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    1795 S-79, B-9 Reeded Edge Cent, VG Details
    The 'House of Davis McKinney' Specimen
    Tied for Fourth Finest of 10 Known
    Untraced for 50 Years

    1795 1C Reeded Edge, S-79, B-9, Low R.7 -- Corrosion -- NGC Details. VG. Our EAC Grade Good 5. A coin dealer's list in 1964 offered a 1795 Sheldon-79 Reeded Edge cent for sale. That listing prompted large cent researcher Del Bland to record the coin in his Condition Census for the variety, although the coin was unseen at that time, and has been recorded as an "untraced" specimen in every published census since that time. However, Dr. William H. Sheldon saw the coin in 1964 and assigned the grade of Good 5.

    The Reeded Edge cent variety was discovered in 1862 when an example was described with a "Milled Edge." A second example appeared in an 1890 W. Elliot Woodward catalog, and is now part of the ANS Collection. The third example, and currently the finest known, was discovered in 1915 and grades VG8. Six others have been located since that time, and the current House of Davis McKinney specimen brings the census to 10 known examples.

    The 1795 S-79 Reeded Edge cent is the rarest of nearly 300 Sheldon-numbered varieties, and it is rarer than 14 of the Sheldon NC varieties. The obverse and reverse dies of the famous Reeded Edge large cent were not used for any other varieties in 1795, simplifying the authentication process. NGC has certified this piece as VG Details, Corrosion. The present example is the fourth of 10 different examples that Heritage Auctions has handled. There have been 11 different firms or individuals who have handled or owned two different specimens. Just three people, Dr. William H. Sheldon, Denis W. Loring, and Greg Hannigan, have owned three different examples. Heritage is the only entity to handle four different examples of the 1795 Reeded Edge cent.

    The purpose of the edge reeding is unknown, although past students of the series have speculated that the reeding served as an anti-counterfeiting device. About half of the original edge reeding remains visible on this example. The cataloger believes that the Reeded Edge cent was a transitional issue between the Lettered Edge (thick planchet) coins and the Plain Edge (thin planchet) pieces.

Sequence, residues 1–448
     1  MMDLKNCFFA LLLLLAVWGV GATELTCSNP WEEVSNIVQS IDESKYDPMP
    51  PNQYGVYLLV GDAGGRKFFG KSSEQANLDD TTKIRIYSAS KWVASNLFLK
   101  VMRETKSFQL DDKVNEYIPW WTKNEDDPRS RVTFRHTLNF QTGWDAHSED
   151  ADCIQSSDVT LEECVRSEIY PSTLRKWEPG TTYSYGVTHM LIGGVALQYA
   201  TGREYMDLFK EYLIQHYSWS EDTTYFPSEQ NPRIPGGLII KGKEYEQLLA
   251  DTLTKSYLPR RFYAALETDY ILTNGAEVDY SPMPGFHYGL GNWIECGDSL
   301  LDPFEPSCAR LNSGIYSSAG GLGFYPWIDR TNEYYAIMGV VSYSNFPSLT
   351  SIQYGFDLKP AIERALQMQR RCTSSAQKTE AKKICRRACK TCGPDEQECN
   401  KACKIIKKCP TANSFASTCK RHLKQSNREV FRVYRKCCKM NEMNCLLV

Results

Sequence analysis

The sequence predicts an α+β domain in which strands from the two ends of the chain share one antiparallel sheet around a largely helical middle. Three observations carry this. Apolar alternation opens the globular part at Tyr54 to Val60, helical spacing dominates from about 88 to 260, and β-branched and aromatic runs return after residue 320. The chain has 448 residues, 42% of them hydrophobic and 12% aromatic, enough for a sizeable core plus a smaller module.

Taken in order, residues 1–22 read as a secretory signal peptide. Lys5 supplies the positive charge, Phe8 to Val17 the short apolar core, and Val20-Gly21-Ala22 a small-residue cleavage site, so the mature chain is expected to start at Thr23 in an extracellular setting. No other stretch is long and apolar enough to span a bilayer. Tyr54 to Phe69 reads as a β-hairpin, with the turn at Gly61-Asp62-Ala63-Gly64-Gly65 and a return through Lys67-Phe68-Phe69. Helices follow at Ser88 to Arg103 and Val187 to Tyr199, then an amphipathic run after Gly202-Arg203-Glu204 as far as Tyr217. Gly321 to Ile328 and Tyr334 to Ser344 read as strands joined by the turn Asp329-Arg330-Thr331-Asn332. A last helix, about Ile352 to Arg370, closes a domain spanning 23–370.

Both sides of this example display pleasing chestnut-brown color with finely granular surfaces. The obverse has two shallow dents on the cap and an insignificant scrape right of the date. The reverse has a shallow, thin scrape through the upper leaves of the wreath. The individual imperfections are blended with their surroundings and are barely visible. This is a pleasing example of the famous large cent rarity, one that will be the centerpiece of an advanced cabinet.

    Census of 10 Known Examples:
    1. VG8. Dr. S.T. Millard; B. Max Mehl (3/1915), lot 75; G. Kraft; Robert D. Book (5/1930); George H. Clapp, traded for a "famous 1794 Cent"; Howard R. Newcomb (J.C. Morgenthau & Co., 2/1945), lot 76; James Kelly (Fixed Price #21, #22, and #23, 1945-1947); Celina Coin Co. (3/1947), lot 2037; James Kelly (11/1947), lot 927; James Kelly (4/1948), lot 1327; Christian M. Petersen; Hollinbeck Coin Co. (10/1953), lot 278; Dr. William H. Sheldon (4/1972); R.E. Naftzger, Jr. (2/1992); Eric Streiner; Anthony Terranova (12/1993); Daniel W. Holmes, Jr. (Goldberg Coins, 9/2009), lot 128; Adam Mervis Collection (Heritage, 1/2014), lot 2528.

    2. VG7. W. Elliot Woodward (4/1890), lot 866; Charles Steigerwalt; Hon. George W. Lewis; Henry Chapman (6/1916), lot 633; Dr. Charles E. McGirk; Walter F. Webb (2/1937); George H. Clapp; American Numismatic Society.